In the first article on transactions and locking, we introduced you to one of SQL Server's advanced functionalities: handling transactions and locking. This article delves into the details of locking, which greatly affects SQL Server performance.
SQL Server Locking Mechanism
SQL Server uses a certain amount of memory each time it acquires and releases locks. Servers with more memory can support more concurrent users because they can acquire and release more locks. With SQL Server 7.0 and later, memory is managed dynamically, although you can set the maximum amount of memory allotted to SQL Server. The amount of memory available to the server will play a major role in determining the lock granularity that SQL Server will choose for each transaction.
To understand lock granularity, it's best to think about how SQL Server stores data. The data is stored on 8KB data pages. A set of eight contiguous pages makes up an extent. When you create a database, you allocate a certain amount of disk space for that database. As you populate the database, the data pages start to fill up, and SQL Server uses up more of the disk space by creating new pages and extents. The data storage structure being locked (row, page, extent) defines the lock granularity.
In SQL Server 2000, the lowest level of granularity is a row. SQL Server can lock individual rows, data pages, extents, or entire tables. Suppose that you execute an UPDATE statement affecting a single row. SQL Server will lock that row so no other users can modify the same row until your transaction completes. On the other hand, the rest of the users are free to update rows not affected by your UPDATE. So the row-level locking is best for concurrency.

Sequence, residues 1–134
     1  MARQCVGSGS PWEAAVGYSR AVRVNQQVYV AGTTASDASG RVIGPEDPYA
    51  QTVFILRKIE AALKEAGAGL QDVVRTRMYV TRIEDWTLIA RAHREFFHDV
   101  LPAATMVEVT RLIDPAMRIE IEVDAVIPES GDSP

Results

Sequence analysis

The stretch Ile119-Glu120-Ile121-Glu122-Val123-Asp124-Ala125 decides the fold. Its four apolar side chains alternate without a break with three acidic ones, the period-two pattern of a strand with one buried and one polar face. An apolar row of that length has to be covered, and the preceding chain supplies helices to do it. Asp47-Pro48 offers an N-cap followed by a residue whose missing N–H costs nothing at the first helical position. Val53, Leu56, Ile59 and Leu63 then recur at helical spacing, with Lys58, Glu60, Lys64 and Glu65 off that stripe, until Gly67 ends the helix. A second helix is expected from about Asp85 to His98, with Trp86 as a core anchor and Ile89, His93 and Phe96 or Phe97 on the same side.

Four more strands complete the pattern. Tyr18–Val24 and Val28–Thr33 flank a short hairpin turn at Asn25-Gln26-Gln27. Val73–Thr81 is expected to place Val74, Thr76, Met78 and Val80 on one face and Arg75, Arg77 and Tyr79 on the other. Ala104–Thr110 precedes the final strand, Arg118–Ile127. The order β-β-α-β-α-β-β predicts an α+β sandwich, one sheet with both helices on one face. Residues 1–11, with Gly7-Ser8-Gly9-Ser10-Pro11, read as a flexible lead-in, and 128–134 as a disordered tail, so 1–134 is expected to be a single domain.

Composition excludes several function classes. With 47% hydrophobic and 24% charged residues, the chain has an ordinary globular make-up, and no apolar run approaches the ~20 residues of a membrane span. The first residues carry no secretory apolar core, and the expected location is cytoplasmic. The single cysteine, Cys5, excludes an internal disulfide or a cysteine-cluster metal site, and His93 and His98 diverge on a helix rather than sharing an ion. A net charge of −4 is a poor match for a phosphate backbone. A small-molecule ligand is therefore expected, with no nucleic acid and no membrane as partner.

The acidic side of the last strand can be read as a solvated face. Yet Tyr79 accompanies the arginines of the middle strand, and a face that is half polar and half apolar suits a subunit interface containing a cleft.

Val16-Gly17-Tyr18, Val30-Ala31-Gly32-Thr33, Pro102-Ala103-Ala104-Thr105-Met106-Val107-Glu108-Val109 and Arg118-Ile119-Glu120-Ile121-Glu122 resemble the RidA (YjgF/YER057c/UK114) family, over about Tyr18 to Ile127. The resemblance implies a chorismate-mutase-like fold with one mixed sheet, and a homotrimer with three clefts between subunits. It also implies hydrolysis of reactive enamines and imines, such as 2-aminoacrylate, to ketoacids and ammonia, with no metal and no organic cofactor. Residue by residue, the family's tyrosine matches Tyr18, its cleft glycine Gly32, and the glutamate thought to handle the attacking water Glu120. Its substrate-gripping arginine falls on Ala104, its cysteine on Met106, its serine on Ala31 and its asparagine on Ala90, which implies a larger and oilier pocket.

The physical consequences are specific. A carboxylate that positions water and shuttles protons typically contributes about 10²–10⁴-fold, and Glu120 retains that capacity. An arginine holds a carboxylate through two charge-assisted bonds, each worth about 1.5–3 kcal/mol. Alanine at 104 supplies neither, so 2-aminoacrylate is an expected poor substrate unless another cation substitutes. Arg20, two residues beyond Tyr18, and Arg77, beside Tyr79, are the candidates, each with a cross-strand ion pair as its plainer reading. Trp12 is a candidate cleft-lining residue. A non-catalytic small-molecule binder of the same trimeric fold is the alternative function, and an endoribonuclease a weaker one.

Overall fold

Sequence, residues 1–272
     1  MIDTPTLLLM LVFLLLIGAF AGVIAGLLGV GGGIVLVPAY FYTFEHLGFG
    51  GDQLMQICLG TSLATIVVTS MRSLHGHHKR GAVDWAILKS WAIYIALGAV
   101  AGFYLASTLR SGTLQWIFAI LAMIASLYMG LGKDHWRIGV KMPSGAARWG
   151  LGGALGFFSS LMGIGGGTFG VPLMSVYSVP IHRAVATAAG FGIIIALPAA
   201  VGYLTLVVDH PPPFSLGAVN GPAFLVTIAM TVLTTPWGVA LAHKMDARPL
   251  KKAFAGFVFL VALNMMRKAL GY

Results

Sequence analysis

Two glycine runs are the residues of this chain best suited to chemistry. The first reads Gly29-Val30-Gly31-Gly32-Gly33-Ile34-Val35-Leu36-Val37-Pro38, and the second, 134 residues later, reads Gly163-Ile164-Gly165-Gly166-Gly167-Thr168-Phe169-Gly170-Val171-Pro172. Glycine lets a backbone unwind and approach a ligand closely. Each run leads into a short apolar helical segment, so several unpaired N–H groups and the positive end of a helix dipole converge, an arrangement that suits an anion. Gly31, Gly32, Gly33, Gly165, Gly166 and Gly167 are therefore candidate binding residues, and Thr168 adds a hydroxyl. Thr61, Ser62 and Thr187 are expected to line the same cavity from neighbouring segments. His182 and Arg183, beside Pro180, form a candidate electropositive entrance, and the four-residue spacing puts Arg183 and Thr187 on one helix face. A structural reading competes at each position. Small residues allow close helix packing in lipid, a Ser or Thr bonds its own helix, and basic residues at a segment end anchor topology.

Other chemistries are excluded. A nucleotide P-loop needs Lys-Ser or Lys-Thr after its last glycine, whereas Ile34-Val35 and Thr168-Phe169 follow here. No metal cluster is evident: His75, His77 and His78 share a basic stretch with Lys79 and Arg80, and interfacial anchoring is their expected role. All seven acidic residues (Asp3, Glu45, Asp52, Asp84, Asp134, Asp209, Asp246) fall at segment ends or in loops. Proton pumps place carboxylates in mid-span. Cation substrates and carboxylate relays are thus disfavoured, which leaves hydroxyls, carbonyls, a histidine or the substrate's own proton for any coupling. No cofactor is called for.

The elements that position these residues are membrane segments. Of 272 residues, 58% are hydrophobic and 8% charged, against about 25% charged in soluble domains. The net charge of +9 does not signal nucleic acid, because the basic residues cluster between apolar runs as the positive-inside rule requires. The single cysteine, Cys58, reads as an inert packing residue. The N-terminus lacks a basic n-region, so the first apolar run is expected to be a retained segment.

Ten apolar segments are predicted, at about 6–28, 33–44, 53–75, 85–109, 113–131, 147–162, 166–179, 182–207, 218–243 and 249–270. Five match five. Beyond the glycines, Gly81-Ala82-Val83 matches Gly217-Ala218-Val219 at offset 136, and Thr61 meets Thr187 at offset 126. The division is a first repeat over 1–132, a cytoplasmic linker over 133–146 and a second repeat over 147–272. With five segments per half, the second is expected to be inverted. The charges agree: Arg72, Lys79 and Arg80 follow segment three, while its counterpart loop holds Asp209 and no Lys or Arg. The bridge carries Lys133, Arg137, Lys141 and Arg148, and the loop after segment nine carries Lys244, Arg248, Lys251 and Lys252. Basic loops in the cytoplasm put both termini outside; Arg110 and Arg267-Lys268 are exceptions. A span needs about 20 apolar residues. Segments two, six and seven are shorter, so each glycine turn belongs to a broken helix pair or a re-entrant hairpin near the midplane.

Now, suppose that you execute an UPDATE statement affecting 1000 rows. Should SQL Server lock one row at a time? That would mean acquiring 1000 locks, which might or might not be an option, depending on how much memory is available. Depending on whether these rows are located on contiguous data pages or not, SQL Server might decide whether to acquire several page locks and extent locks, or lock the entire table until your transaction is complete. If SQL Server decides to lock several pages, then the rest of the database users can modify rows not located on the locked pages. On the other hand, if SQL Server locks the whole table, the rest of the users will have to wait until your transaction is committed. So the bottom line is that locking is a tradeoff between concurrency and overhead.
It's equally important to know how SQL Server chooses the level of locking for each transaction. SQL Server query optimizer is aware of the memory requirements for each lock. If it would require less memory to lock an entire page, and SQL Server is low on memory, a page lock will be acquired instead of a row lock. Likewise, if it is cheaper to acquire a table lock instead of locking a number of extents or pages, then SQL Server will opt for a table-level lock.
The above paragraph might sound like you have no power over the locking decisions that SQL Server makes. This is not entirely trueyou do have locking hints that help you override default decisions made by SQL Server. For instance, you can specify the ROWLOCK hint with your UPDATE statement to convince SQL Server to lock each row affected by that data modification. Whether it's prudent to do so is another story; what will happen if your UPDATE affects 95% of rows in the affected table? If the table contains 1000 rows, then SQL Server will have to acquire 950 individual locks, which is likely to cost a lot more in terms of memory than acquiring a single table lock. So think twice before you bombard your code with ROWLOCKS. We'll discuss locking hints in greater detail later in the article.